"Medieval people lived in this daily expectation of a miracle; and to make that miracle credible, the Church held up the cosmic miracle of Christ�s death and resurrection, for the salvation of Man."
The condition of Man
"Property and inheritance were abiding concerns-obsessions, really-in the late Middle Ages, especially among the merchant class to which the Chaucer's belonged; and armed seizure, kidnapping, and trumped-up lawsuits were not uncommon ways to gain possession of them. Englishmen of Chaucer's day were not like the stereotypical stiff-upper-lip English of modern times, who are the children of the Enlightenment and the Empire; they were more like their Norman forebears, hot-tempered and given to extremes when among equals (they cultivated reserve before inferiors or superiors). They wept freely in public, flew into rages, swore copious and imaginative oaths, carried on almost operatic blood feuds and endless legal battles. The mortality rate was high in medieval times and life more precarious; we find more recklessness and terror, more resignation and despair, and more gambling with fortune. More violence, too, or violence of a more vengeful ostentatious kind: decapitated heads displayed on spikes or bodies hanging from a gibbet was their style, where mug shots in the post office is ours."
-Donald R. Howard
"Medieval Europe was largely barbaric and was completely devoid of organized civilization. Yet, the history books offer no mention as to exactly what transformed the archaic Medieval European society from barbarism to modernism. Often, the Crusaders are mentioned, the implication being that their excursions, regardless of how devious, contributed to the advancement of civilization. yet, the scope of the atrocities perpetrated by the Crusaders is seldom if ever portrayed. Some of these texts suggest that while the Crusades were a dark era in European culture, they served as a channel for the advancement of Western civilization through contact with the Islamic one. Certain authors suggest that the Crusaders were largely responsible for the renovation of European civilization. This is a highly distorted and inaccurate portrayal of that violently murderous, disgusting stage in human history. The Crusaders were motivated only by plunder. The civilization of Islam was instilled with the obligation to enhance humanity, and this is precisely what it achieved."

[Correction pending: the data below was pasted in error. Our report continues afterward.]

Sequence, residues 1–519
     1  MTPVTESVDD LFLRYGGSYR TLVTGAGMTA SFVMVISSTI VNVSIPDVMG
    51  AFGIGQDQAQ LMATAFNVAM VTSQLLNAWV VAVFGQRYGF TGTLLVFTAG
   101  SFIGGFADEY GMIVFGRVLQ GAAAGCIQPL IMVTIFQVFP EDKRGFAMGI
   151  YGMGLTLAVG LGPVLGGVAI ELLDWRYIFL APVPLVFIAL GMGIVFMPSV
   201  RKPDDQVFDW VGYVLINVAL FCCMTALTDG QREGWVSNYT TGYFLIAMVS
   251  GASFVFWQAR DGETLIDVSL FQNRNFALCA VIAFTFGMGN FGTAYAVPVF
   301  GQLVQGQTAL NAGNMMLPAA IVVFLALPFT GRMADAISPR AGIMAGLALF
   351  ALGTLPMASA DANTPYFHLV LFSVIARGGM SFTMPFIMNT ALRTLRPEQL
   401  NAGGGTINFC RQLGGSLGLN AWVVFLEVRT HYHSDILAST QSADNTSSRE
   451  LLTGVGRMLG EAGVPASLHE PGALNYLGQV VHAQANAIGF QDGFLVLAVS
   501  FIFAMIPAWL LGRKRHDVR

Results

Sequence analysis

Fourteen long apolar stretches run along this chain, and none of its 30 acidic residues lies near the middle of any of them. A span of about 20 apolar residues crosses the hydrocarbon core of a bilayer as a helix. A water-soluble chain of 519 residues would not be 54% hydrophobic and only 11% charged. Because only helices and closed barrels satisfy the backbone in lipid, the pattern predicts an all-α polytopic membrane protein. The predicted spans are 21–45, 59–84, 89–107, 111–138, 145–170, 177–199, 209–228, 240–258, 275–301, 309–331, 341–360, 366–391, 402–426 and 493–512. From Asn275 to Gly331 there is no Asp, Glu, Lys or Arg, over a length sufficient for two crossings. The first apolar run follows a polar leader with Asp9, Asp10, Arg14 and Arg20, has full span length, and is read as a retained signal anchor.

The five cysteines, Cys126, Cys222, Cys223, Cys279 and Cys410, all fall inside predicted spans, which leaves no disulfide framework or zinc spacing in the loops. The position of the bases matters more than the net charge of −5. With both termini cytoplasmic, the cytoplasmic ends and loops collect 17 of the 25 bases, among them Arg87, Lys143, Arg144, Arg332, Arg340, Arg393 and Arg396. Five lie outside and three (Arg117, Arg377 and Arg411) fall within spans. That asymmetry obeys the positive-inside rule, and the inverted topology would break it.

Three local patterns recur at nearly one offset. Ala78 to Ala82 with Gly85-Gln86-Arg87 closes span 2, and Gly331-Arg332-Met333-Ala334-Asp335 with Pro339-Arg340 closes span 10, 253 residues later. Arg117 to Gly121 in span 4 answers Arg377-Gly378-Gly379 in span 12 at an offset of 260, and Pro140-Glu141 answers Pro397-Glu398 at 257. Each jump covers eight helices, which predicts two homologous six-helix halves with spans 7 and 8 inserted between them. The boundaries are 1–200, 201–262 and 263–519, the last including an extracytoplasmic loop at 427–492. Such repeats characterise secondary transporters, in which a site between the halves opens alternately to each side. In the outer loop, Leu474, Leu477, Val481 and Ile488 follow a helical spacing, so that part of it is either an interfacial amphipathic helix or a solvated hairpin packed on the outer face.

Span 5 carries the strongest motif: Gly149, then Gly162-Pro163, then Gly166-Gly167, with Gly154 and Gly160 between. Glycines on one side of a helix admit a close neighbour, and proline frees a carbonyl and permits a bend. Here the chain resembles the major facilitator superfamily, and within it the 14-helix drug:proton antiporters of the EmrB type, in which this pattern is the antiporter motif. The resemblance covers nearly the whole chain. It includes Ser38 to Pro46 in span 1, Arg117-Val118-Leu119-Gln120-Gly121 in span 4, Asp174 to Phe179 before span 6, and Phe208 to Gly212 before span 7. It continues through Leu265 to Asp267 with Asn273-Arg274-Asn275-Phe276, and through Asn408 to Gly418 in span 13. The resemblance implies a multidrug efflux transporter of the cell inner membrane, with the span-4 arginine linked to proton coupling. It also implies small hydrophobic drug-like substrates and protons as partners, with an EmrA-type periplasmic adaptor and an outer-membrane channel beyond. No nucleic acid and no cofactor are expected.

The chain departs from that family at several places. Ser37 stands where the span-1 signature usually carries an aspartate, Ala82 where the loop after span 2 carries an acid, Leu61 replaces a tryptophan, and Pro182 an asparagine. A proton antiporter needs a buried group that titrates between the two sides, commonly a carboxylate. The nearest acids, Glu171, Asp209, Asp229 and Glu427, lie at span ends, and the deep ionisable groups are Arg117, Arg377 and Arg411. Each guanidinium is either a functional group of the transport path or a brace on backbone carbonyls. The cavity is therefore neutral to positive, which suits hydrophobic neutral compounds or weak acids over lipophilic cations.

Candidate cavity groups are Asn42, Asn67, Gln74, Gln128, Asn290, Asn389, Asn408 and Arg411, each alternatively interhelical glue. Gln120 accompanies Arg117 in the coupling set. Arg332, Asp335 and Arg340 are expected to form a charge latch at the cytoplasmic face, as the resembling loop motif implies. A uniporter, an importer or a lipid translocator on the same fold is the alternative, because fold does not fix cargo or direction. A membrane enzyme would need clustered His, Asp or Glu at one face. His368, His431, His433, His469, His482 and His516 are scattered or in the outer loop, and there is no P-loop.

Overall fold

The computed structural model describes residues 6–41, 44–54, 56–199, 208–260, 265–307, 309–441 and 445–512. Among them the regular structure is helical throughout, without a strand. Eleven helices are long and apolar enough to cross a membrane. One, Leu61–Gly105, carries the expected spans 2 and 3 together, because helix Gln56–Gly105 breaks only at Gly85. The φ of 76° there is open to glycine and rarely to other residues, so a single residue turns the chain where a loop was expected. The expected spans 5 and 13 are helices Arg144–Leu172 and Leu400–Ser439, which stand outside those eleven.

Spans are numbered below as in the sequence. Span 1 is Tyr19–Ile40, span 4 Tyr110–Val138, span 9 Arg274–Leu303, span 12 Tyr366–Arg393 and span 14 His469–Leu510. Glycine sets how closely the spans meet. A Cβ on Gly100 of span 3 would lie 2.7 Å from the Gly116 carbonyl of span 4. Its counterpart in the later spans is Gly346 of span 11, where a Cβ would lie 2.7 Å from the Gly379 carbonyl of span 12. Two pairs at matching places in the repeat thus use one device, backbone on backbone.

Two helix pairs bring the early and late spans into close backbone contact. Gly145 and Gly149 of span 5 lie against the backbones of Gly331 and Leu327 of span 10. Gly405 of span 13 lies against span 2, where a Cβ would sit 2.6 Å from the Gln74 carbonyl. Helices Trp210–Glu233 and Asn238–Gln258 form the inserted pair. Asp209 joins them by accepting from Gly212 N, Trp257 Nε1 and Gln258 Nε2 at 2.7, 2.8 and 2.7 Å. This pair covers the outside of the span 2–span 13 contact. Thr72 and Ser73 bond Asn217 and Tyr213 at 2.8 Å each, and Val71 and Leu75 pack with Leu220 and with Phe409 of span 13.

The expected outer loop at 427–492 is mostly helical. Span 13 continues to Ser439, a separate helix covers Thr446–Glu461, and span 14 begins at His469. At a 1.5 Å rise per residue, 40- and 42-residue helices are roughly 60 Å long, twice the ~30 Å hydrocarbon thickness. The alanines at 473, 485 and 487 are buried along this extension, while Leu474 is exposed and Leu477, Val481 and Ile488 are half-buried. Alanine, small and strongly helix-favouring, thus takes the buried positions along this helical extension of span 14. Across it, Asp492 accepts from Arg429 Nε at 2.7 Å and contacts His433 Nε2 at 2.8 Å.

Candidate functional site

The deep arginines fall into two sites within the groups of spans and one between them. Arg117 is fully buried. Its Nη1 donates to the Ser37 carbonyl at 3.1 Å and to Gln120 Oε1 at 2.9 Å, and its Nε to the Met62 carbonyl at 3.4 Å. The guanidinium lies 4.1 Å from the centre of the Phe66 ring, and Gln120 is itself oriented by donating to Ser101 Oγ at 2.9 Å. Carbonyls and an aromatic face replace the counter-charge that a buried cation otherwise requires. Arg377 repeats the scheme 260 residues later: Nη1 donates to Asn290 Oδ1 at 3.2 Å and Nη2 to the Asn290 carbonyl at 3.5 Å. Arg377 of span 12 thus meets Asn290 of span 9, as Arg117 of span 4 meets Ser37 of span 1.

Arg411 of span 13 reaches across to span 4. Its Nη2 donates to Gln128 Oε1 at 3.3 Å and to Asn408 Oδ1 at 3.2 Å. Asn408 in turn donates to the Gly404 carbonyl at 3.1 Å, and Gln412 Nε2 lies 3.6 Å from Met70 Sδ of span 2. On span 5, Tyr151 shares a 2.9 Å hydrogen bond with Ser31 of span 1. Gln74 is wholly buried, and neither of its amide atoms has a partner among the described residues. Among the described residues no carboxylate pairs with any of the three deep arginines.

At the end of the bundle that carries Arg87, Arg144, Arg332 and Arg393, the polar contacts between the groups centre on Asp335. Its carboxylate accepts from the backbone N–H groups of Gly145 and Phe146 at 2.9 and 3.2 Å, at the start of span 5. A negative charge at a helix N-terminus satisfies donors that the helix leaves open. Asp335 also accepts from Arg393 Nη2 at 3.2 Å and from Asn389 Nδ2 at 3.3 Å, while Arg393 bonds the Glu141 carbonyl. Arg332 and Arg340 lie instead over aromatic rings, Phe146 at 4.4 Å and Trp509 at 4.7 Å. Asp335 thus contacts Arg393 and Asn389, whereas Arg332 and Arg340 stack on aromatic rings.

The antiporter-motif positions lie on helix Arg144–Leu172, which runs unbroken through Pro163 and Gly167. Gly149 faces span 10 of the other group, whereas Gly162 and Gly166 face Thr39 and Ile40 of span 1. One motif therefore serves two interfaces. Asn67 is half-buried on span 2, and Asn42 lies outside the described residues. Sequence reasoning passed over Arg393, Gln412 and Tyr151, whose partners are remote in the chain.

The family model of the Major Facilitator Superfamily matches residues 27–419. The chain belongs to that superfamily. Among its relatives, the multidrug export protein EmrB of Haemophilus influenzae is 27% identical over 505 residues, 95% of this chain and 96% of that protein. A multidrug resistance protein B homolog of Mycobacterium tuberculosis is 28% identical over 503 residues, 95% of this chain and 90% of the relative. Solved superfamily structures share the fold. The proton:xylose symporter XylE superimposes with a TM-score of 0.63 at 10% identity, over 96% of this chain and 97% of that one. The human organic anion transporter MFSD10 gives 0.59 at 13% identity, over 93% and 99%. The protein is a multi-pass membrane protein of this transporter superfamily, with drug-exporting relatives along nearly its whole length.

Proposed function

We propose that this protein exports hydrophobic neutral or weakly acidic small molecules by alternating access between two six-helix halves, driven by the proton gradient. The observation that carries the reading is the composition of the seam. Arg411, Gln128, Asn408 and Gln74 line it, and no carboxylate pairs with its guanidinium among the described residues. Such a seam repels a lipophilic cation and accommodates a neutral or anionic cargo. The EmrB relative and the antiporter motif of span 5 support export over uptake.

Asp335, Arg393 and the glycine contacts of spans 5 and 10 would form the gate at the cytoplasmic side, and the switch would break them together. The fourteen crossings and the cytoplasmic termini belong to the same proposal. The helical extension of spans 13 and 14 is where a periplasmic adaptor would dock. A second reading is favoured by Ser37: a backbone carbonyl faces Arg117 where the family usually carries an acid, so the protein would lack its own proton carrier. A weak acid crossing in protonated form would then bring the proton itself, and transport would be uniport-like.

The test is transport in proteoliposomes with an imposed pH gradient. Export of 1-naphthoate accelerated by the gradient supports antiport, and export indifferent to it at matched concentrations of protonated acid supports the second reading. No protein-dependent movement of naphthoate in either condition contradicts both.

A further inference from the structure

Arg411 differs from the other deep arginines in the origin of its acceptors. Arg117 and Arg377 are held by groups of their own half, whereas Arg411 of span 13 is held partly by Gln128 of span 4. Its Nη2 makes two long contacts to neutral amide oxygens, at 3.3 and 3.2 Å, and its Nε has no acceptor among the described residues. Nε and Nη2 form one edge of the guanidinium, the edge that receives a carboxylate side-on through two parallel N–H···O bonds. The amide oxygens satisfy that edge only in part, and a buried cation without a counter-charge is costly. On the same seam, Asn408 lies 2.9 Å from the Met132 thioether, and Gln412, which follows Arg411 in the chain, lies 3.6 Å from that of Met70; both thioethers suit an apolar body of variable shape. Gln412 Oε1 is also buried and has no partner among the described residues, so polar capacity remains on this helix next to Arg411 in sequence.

Dr. Kasem Khaleel
The Arab Connection
Book: "The History of Medieval Life" by David Nicolle
Book: "Life in Medieval ATimes" by Marjorie Rowling
Book: "Atlas Of The Medieval World" by Rosamond McKitterick
Book: "The Oxford Illustrated History of Medieval Europe" Ed by George Holmes
Book: "Readings in Medieval Philosophy" by Andrew B. Schoedinger
Book: "Bernard of Clairvaux: Great Medieval Thinkers" by Gillan R. Evans
Book: "Mysteries of the Middle Ages: The Rise of Feminism, Science, and Art from the Cults of Catholic Europe" by Thomas Cahill
Book: "The Lady in Medieval England, 1000-1500" by Peter Cross
Book: "The Book Of The Medieval Knight" by Stephen Turnbull
Book: "The Medieval Art of Love: Objects and Subjects of Desire" by Michael Camille
Book: "Venus and Mars: The World of the Medieval Housebook" by Christoph Graf zu Waldburg Wollegg
Book: "The Death of Kings: Royal Deaths in Medieval England" by Michael Evans
Book: "Power and Profit: The Merchant in Medieval Europe" by Peter Spufford
Book: "The Assassins: The Story of Medieval Islam's Secret Sect" by W.B. Barlett
Book: "The Medieval Kingdoms of Nubia: Pagans ,Christians and Muslims Along the Middle Nile" by Derek A. Welsby
Book: "Getting Medieval: Sexualities and Communities, Pre-and Postmodern" by Carolyn Dinshaw
Book: "The Local Merchants of Prato: Small Entrepreneurs in the Late Medieval Economy" by Richard K. Marshall
Book: "Legends of Chivalry: Medieval Myth" by Tony Allan et. al.
Book: "Life in a Medieval Castle" by Tony McAleavy
Book: "The Medieval Underworld" by Andrew McCall
Book: "Medieval Popular Culture: Problems of Belief and Perception" by Aron Gurevich
Book: "City and Spectacle in Medieval Europe" by Barbra A. Hanawalt and Kathryn L. Reyerson eds.
Book: "Medieval Obscenities" by Nicola F. McDonald, Ed
Book: "A Vanished World; Medieval Spain's Golden Age of Enlightenment" by Chris Lowney
Book: "Medieval Art, Second Edition by Marilyn Stokstad
Book: "The Last Knight: The Twilight of the Middle Ages and the Birth of the Modern Era" by Norman F. Cantor